Correia v. Jones, No. 18-3625 (8th Cir. 2019)

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Justia Opinion Summary

After plaintiff was terminated, she filed suit against the President of Henderson State University for employment discrimination. The Eighth Circuit affirmed the district court's grant of summary judgment for defendant, holding that plaintiff was an at-will employee at the time of her termination. In this case, passing a proposed budget including plaintiff's name, title, and salary, did not create an employment contract. Therefore, plaintiff had no property right in continued employment.

In regard to plaintiff's claim that she has a protected liberty interest in her reputation, which entitled her to a name-clearing hearing, the court held that plaintiff presented no evidence of defendant directly accusing her of stealing or mismanagement. Furthermore, any claims that plaintiff was stigmatized by innuendo or defendant's commenting on any part of the audit report failed. Therefore, plaintiff failed to establish that she was deprived of a protected liberty interest in her reputation.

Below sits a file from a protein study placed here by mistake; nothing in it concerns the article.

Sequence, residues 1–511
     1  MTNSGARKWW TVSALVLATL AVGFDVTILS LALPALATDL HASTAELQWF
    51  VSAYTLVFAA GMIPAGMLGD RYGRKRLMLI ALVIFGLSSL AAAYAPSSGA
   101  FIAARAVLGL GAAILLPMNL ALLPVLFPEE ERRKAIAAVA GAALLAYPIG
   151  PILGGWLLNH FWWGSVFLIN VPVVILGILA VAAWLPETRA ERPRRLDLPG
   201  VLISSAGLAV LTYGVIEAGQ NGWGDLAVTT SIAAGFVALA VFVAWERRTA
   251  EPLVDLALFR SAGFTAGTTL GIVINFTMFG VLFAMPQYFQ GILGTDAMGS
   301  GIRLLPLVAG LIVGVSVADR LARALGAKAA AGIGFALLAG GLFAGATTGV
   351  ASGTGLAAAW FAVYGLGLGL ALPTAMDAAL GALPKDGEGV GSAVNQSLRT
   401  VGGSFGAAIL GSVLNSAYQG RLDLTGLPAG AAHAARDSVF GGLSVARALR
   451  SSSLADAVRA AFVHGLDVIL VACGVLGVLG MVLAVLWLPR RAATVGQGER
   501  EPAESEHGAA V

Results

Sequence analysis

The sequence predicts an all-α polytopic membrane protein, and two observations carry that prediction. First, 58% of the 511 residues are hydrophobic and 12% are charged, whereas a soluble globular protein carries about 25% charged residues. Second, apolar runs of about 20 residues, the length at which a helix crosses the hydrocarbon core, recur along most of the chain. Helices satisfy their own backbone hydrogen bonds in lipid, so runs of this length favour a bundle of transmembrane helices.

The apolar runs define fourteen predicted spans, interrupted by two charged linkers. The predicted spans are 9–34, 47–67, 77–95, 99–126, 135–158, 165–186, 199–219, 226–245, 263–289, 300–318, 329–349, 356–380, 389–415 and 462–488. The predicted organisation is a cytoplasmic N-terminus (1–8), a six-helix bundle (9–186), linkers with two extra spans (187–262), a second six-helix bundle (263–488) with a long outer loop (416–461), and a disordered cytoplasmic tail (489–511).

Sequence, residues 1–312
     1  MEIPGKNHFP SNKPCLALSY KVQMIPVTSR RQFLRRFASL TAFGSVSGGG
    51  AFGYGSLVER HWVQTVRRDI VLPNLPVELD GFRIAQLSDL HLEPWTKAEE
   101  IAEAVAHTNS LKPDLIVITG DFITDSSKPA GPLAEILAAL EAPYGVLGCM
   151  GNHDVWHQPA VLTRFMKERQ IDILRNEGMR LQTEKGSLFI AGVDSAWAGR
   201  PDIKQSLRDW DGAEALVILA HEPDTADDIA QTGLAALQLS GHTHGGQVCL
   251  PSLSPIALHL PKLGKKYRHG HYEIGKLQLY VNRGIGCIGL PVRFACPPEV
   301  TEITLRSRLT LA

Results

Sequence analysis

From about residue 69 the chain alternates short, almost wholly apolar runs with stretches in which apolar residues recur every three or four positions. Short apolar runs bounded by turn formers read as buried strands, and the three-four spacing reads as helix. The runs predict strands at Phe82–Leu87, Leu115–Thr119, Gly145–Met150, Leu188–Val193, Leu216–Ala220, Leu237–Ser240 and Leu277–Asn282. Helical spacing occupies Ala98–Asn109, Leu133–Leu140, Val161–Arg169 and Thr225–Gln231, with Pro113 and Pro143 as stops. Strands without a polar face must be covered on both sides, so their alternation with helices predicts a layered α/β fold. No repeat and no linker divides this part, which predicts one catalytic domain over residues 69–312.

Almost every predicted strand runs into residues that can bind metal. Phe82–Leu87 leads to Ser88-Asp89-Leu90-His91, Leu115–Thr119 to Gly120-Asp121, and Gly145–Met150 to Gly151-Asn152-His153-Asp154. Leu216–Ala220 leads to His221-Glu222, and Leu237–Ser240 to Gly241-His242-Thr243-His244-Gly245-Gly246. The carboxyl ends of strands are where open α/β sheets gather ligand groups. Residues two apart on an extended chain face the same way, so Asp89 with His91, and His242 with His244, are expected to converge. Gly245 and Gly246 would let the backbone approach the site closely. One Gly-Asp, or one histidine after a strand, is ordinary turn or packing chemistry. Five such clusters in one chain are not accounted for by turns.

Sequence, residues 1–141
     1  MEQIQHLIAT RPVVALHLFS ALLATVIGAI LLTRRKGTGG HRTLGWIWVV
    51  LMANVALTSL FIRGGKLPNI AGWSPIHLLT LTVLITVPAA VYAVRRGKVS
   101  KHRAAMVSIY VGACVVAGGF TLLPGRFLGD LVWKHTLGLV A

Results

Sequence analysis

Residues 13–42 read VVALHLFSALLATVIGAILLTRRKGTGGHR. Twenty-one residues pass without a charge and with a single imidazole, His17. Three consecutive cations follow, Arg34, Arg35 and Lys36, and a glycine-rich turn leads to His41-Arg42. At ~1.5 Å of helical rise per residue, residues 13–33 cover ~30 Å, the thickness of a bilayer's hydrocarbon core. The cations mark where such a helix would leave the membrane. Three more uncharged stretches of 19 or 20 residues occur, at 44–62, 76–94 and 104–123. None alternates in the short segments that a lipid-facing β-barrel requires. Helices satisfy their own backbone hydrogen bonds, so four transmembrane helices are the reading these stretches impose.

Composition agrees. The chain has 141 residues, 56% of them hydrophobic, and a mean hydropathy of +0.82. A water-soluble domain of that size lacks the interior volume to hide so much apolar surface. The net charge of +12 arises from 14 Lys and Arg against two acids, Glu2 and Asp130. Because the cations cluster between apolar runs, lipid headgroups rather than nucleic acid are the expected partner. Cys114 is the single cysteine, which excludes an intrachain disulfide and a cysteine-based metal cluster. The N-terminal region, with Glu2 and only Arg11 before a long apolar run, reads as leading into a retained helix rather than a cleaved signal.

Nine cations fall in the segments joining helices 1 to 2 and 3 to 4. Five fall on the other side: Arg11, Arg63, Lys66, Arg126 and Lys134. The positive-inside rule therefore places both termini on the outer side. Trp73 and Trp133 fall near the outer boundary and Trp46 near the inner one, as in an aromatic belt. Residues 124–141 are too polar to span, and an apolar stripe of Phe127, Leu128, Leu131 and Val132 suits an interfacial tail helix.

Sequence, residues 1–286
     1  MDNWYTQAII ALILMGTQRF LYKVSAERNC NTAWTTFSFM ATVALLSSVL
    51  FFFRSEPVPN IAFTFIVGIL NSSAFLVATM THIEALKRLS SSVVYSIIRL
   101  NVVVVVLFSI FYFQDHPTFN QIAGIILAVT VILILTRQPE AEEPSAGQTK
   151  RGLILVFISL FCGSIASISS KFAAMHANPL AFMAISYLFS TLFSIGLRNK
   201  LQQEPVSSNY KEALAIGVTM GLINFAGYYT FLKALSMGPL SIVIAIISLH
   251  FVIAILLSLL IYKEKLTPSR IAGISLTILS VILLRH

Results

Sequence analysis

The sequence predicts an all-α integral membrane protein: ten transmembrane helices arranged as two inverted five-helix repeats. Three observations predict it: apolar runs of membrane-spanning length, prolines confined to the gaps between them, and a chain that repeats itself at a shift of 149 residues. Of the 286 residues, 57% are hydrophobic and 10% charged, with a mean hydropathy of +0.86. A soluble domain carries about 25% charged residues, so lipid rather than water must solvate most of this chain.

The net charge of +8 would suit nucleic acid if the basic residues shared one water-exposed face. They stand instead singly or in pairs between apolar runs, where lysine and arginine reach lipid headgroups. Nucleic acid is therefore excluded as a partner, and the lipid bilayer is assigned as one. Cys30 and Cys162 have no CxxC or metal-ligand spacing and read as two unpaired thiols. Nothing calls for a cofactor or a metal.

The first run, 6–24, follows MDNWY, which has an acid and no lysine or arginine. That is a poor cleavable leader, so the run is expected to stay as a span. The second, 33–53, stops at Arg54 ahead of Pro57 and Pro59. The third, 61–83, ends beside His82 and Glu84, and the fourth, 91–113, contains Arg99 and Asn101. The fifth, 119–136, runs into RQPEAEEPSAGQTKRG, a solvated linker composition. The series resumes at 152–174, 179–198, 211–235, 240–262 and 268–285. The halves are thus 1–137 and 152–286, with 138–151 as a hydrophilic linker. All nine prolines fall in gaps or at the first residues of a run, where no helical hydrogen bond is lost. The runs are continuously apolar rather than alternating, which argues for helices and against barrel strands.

Court Description: Erickson, Author, with Smith, Chief Judge, and Beam, Circuit Judge] Civil case - Employment discrimination. Plaintiff was an at-will employee of the university and the passage of a proposed budget including her name, title and salary did not create an employment contract for the upcoming school year; as a result, she had no property right in continued employment; with respect to plaintiff's claim that she had a protected liberty interest in her reputation and the right to a name-clearing hearing,in the absence of stigmatizing allegations, she could not establish that she was deprived of a protected liberty interest.